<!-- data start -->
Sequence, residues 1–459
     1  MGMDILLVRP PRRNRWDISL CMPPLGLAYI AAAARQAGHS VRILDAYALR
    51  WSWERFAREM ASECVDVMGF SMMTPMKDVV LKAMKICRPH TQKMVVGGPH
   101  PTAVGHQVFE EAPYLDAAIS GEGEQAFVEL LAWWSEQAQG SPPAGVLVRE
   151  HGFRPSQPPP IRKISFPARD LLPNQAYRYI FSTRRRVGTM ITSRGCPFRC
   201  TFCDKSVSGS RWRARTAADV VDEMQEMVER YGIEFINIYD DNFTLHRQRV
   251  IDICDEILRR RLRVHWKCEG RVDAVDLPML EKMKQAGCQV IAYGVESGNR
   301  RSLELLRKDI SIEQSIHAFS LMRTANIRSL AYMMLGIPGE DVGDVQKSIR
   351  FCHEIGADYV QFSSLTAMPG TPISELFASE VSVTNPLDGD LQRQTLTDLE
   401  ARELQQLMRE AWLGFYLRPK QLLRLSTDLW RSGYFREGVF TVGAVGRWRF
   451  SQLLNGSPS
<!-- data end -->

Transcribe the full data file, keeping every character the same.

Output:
Sequence, residues 1–459
     1  MGMDILLVRP PRRNRWDISL CMPPLGLAYI AAAARQAGHS VRILDAYALR
    51  WSWERFAREM ASECVDVMGF SMMTPMKDVV LKAMKICRPH TQKMVVGGPH
   101  PTAVGHQVFE EAPYLDAAIS GEGEQAFVEL LAWWSEQAQG SPPAGVLVRE
   151  HGFRPSQPPP IRKISFPARD LLPNQAYRYI FSTRRRVGTM ITSRGCPFRC
   201  TFCDKSVSGS RWRARTAADV VDEMQEMVER YGIEFINIYD DNFTLHRQRV
   251  IDICDEILRR RLRVHWKCEG RVDAVDLPML EKMKQAGCQV IAYGVESGNR
   301  RSLELLRKDI SIEQSIHAFS LMRTANIRSL AYMMLGIPGE DVGDVQKSIR
   351  FCHEIGADYV QFSSLTAMPG TPISELFASE VSVTNPLDGD LQRQTLTDLE
   401  ARELQQLMRE AWLGFYLRPK QLLRLSTDLW RSGYFREGVF TVGAVGRWRF
   451  SQLLNGSPS